Last summer, in July 2022, I attended my first ever pilgrimage at Heart Mountain Interpretive Center in Wyoming. I was there with my brother Finn Kaoru and our grandmother Carol to honor my grandmother’s aunt Dorothy Haruko Nagai, who was incarcerated during World War II alongside over a hundred thousand other Japanese Americans — first in Santa Anita, CA, then at Heart Mountain.
The pilgrimage was a revelation. Though I was born and raised in the San Francisco Bay Area, with family roots in Hawai’i, I had never been so surrounded and welcomed by Japanese Americans. My mother raised us with certain idiosyncratic Japanese American traditions, like setting up dolls for Girls Day or using the word bocha instead of bath, but I could count the number of Japanese Americans I knew (that I wasn’t related to) on one hand before I attended the pilgrimage. And as a half-Japanese yonsei, I experienced the classic “mixed kid” dilemma, always feeling out of place. Silly as it may sound, I didn’t know that strong Japanese American communities really existed, and if I had, I would have been too afraid that I would be rejected for not being JA enough to attempt to join them.
At Heart Mountain, my doubts dissolved, and I was filled with more joy and validation than I imagined possible. Attendees of all generations and backgrounds were incredibly kind and welcoming. From camp survivors to descendants, from sansei to gosei, from so-called Buddhaheads to kotonks, all had one trait in common: They were eager to share their stories, and to hear mine. I was incredibly moved by the breadth and depth of the conversations I had and the generosity of spirit that came with them.
While the pilgrimage brought me deep fulfillment, it also sparked a new urgency in me. I suddenly felt I needed to find a way to capture and preserve not only the beautiful stories that I heard, but the open and vulnerable spirit in which they were shared. The initial reason for my attendance at the pilgrimage was to honor my great-aunt Dorothy’s life and story; I now felt a greater responsibility to recall and preserve the lives and stories of as many in our community as I possibly could. And, based on the incredible creativity and work I had seen from other attendees at the pilgrimage, I knew that I wanted to harness our community’s artistry as the method for doing so.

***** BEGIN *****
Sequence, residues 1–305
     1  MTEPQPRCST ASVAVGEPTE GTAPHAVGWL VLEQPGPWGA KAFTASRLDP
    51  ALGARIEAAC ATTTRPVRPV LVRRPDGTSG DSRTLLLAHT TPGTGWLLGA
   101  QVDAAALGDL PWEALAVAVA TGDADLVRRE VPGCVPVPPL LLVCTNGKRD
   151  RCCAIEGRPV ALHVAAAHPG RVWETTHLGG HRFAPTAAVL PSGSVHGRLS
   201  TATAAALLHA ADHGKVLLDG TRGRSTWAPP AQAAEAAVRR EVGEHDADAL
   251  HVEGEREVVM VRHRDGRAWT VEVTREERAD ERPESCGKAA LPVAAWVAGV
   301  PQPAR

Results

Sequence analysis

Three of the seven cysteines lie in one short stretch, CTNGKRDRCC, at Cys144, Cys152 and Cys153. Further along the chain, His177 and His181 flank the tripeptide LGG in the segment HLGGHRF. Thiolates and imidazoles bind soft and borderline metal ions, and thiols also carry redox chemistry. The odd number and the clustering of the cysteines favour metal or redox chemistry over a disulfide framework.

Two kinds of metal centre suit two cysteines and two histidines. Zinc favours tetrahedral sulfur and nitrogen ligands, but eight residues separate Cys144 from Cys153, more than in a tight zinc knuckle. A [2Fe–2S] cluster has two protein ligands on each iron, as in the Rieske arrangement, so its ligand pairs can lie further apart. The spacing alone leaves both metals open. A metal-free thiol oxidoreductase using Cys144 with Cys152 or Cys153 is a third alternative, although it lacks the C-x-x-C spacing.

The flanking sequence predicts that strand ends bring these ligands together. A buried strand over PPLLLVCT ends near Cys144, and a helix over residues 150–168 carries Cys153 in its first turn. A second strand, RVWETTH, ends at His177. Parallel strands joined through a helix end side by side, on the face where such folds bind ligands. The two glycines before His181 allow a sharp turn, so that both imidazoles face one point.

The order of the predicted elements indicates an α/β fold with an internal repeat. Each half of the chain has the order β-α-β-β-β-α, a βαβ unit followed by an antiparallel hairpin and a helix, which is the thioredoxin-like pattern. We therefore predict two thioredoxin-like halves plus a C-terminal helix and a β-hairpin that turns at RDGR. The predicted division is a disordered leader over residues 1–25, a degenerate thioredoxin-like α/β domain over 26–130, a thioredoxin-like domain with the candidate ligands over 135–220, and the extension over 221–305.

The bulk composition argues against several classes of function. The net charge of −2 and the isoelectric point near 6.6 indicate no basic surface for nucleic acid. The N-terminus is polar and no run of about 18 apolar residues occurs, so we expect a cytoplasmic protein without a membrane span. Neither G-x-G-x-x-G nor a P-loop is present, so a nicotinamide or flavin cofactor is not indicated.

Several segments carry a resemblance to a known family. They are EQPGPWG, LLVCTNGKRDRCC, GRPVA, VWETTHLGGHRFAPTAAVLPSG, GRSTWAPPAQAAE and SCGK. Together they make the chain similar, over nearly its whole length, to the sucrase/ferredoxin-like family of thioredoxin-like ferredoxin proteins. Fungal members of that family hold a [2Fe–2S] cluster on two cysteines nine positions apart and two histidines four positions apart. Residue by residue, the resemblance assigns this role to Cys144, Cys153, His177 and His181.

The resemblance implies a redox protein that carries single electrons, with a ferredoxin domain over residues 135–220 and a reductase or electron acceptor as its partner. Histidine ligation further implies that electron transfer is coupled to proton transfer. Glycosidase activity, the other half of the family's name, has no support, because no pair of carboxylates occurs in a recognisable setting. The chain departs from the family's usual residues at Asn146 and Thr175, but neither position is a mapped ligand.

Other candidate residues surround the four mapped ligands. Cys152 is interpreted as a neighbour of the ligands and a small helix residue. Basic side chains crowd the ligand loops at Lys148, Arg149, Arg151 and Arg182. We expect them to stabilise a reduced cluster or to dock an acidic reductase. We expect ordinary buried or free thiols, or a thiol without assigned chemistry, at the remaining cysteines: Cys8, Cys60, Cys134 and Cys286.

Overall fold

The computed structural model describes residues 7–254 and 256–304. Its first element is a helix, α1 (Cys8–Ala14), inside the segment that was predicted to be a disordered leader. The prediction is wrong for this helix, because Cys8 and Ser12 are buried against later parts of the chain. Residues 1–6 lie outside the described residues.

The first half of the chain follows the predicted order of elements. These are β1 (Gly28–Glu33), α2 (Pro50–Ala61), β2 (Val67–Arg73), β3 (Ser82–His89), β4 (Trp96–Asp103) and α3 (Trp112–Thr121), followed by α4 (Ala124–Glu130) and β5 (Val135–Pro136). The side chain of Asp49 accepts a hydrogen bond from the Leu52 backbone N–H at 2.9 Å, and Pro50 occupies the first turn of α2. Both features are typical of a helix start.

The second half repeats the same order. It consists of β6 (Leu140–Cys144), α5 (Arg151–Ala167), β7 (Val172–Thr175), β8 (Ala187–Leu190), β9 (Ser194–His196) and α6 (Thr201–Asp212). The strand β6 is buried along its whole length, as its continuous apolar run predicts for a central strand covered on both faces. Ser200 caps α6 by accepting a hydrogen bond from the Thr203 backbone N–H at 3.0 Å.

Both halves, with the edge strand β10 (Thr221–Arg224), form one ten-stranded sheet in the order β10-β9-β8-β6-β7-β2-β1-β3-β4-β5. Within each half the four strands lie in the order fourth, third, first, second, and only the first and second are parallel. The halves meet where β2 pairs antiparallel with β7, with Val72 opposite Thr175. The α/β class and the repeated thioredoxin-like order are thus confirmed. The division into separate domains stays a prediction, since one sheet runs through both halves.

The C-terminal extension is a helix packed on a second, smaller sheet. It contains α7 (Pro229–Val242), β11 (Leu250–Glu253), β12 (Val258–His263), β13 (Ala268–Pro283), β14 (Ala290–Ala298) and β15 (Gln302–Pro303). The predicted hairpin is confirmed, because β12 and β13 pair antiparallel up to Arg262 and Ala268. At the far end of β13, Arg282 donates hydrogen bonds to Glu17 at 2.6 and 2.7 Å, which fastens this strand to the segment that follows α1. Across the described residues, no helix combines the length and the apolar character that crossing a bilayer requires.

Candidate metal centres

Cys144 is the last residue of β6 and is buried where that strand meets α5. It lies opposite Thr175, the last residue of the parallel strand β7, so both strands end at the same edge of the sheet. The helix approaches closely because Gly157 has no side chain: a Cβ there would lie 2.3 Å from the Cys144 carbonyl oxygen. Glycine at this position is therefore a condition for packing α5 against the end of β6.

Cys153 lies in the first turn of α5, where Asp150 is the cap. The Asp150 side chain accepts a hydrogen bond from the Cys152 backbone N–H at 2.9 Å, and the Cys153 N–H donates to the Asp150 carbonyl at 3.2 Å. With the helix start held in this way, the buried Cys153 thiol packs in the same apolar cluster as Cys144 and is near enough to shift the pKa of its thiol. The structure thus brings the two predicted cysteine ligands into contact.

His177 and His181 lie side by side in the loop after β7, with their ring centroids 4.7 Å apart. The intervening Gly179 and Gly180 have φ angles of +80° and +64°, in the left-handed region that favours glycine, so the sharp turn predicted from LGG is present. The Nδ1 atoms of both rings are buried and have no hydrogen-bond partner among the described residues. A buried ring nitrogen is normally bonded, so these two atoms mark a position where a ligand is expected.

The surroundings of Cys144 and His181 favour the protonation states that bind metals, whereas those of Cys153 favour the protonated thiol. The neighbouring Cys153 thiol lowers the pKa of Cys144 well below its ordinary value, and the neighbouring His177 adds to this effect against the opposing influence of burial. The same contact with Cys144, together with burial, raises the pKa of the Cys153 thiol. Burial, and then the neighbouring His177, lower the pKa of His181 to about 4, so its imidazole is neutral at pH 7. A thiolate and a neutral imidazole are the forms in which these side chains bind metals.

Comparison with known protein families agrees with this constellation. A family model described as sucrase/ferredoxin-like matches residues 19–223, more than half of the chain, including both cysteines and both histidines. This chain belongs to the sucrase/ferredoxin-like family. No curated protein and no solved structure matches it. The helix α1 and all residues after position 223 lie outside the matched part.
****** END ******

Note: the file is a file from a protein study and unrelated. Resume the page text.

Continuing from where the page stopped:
Weeks after the pilgrimage, the answer came to me: a magazine. In many ways, it seemed like a natural fit. A magazine is tangible and can be held, which was important to me given our community’s history of lost and destroyed heirlooms. And while it can preserve art and stories permanently, it can also evolve with the community it serves. A magazine can both recall the past and reflect the present. Lastly, it can accommodate any type of art that can be printed, which was also important to me, because I’ve seen firsthand just how varied and beautiful JA artistry is.
The inaugural issue took a year from conception to publication. I worked on it at night after my full-time job and during weekends with Finn Kaoru, who lent his incredible artistic and writerly talents as creative director. The piece that was hardest for me to write is also my favorite: a researched essay called The Faintest Ink, in which I document my journey to “find” my ancestor Kise — who she was, what she was really like — trying to turn countless pieces of paper into a living person. In some ways, the essay is symbolic of Kioku’s mission, which is to preserve or rejuvenate the lives of our community’s loved ones, present and departed.
Fittingly, my great-aunt Dorothy is our cover model, in a photograph captured by the legendary Toyo Miyatake. I embroidered pine and mandarin blossom, symbols of Dorothy’s family prefectures, in gold to fill her hands. The cover is not only my attempt to pay homage to Dorothy’s strength and beauty, but also that of the tens of thousands of incarcerated Japanese Americans she represents.
The first issue is mostly comprised of my brother Finn Kaoru’s and my work, featuring a special interview with the talented photographer Haruka Sakaguchi, who we met at Heart Mountain when we participated in her project Campu. This approach allowed us to take our time in navigating the creative and logistical challenges of starting a magazine from scratch. And now, I am thrilled to share that the second volume of Kioku is open for submissions (as all future issues will be). I am beyond honored and excited to be able to provide a space for the amazing artistry that exists in our community. Along the way, the support from community members like Yo!, Nikkei Rising, Japanese American Memorial Pilgrimages, friends, and family has been incredible and a rich reward in itself.
We named the magazine Kioku because kioku is often the word used to describe active remembrance. The name encapsulates the magazine’s purpose: a place to bring memories back to life, and to keep our stories alive forever. Kioku is a Japanese American family scrapbook. It is a compendium of our community’s recollections and artistry and opinions. And, for me, it is a labor of love in every sense of the phrase.
Visit kiokumag.com to learn more, read the magazine, and make submissions for the next issue. Submissions for Volume II are due October 27.
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